From Gas Wells to Rubber Ducks to Incineration, the Plastics Lifecycle Causes ‘Horrific Harm’- Inside Climate News

Ducks--close up (by Kelly McCarthy CC BY-SA 2.0 via Flickr).
Ducks--close up (by Kelly McCarthy CC BY-SA 2.0 via Flickr).

With plastic production expected to triple by 2060, a scientific commission this week recommended banning or severely restricting the manufacture and use of unnecessary plastics.

Plastic causes illness and death across its lifecycle, from production to use and disposal, a team of nearly 50 scientists concludes in a report made public Tuesday.

The risk can come from being near oil and gas extraction, working in plastic manufacturing plants or living near them, eating food heated in plastic packaging or breathing the air near incinerators where plastic waste gets burned as trash.

The report was produced by the Minderoo-Monoco Commission on Human Health, a body of scientists assembled by the Australian-based Minderoo Foundation, and published by Annals of Global Health, a peer-reviewed scientific journal.

The commission concluded that global plastic production, use and disposal patterns are responsible for significant harm to human health, the environment and the economy, and are causing deep societal injustices, particularly to children. It recommended establishing health-protective standards for plastic chemicals under a United Nations plastics treaty that’s being negotiated now, and a cap on plastic production, which is otherwise expected to triple by 2060.

The report is the latest by scientists who have documented the ubiquitous nature of plastic in the world, and the environmental consequences.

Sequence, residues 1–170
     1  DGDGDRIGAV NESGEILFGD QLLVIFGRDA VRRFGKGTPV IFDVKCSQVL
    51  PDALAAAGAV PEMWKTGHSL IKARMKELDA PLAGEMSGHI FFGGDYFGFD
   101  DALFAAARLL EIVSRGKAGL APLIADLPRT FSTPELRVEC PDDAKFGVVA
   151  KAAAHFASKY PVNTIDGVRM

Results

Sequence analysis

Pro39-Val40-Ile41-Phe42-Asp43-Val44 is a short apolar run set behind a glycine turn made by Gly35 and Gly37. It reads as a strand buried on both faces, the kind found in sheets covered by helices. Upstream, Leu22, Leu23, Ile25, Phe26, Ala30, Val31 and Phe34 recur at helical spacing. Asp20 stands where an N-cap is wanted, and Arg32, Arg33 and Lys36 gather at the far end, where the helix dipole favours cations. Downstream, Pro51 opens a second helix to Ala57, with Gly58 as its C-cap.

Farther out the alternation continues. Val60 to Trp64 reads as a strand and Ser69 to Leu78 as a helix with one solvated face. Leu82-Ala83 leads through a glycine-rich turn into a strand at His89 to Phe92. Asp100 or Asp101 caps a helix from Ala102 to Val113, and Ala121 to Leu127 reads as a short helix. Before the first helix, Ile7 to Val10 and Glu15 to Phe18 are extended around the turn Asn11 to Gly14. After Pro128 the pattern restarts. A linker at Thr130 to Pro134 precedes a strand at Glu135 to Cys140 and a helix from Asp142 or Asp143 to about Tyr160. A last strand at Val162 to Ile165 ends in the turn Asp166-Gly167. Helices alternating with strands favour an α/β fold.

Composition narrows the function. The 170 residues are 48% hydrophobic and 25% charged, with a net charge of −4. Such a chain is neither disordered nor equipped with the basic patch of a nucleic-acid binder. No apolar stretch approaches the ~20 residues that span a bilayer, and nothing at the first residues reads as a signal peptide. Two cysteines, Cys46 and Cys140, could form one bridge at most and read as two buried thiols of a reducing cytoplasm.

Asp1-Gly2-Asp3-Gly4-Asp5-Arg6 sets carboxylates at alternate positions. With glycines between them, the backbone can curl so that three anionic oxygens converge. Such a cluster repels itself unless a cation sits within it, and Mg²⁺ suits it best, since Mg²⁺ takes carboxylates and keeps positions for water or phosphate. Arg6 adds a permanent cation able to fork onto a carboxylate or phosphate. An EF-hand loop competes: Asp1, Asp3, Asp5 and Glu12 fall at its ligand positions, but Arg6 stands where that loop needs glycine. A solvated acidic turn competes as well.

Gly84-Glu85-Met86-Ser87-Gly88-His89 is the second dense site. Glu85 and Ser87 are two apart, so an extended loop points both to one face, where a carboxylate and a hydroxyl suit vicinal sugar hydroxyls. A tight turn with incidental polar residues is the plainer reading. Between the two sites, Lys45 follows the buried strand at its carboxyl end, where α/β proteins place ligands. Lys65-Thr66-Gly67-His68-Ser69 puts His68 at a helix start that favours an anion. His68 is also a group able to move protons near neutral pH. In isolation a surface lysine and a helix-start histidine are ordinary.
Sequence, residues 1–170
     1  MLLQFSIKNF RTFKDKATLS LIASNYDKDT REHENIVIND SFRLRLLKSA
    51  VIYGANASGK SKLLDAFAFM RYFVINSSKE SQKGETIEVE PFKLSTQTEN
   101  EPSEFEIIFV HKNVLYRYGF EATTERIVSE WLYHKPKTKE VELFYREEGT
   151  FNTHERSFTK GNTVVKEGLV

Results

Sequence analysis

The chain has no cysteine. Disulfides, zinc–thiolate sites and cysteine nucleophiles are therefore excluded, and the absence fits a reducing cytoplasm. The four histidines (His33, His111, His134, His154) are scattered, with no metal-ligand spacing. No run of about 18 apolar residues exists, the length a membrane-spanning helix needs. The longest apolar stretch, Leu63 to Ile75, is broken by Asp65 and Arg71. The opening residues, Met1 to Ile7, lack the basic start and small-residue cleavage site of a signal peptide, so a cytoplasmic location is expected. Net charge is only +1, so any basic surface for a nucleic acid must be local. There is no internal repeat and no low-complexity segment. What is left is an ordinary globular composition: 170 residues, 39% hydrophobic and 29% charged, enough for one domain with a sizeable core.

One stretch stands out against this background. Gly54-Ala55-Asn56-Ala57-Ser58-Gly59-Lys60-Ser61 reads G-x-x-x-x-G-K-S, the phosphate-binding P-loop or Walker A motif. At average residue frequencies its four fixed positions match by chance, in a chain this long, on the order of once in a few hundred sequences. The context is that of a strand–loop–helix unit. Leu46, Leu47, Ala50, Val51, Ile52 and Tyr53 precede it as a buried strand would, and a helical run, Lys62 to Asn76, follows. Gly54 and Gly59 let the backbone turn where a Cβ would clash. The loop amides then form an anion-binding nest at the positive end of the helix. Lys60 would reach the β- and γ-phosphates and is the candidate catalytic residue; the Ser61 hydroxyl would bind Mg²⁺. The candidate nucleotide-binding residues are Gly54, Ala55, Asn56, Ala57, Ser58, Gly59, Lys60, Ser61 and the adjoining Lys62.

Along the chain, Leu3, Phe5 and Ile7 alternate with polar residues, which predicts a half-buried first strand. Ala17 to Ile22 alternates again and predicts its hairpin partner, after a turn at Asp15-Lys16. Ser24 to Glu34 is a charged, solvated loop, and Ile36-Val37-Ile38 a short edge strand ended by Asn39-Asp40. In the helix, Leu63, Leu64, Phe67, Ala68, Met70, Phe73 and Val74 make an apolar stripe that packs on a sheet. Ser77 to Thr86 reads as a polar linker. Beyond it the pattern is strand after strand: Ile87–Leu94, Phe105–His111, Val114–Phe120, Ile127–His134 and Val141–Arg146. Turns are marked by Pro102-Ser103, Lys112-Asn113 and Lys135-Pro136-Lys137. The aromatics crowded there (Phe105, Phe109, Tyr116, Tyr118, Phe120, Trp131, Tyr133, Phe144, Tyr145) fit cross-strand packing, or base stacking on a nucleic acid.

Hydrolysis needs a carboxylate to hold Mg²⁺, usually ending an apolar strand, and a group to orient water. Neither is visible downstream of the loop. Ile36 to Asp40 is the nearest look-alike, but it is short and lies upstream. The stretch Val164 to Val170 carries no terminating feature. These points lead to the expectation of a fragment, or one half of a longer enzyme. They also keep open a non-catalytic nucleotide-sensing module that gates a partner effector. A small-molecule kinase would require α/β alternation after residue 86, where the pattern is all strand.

Plastic waste and microplastic particles have been found on the highest mountaintops and in ocean trenches; in the stomachs of whales and other marine mammals, and in our bodies, leading to mounting concerns about what all that plastic might be doing to the planet, wildlife and people.

The commission’s focus on health accentuates those concerns, especially as they relate to a debate over how plastic affects human health. 

A lead author of the report, Dr. Philip J. Landrigan, a pediatrician, epidemiologist and director of Boston College’s Global Public Health Program and Global Observatory on Planetary Health, said the debate is largely resolved. 

“The level of scientific certainty is absolute,” he said. “There are still details to be worked out about the exact magnitude, but there is no doubt whatsoever that plastic causes disease, disability, premature death, economic damage and damage to ecosystems at every stage of its life cycle. And the life cycle begins with the extraction of the oil, the coal, and the gas that are the building blocks for 98 to 99 percent of plastics…”


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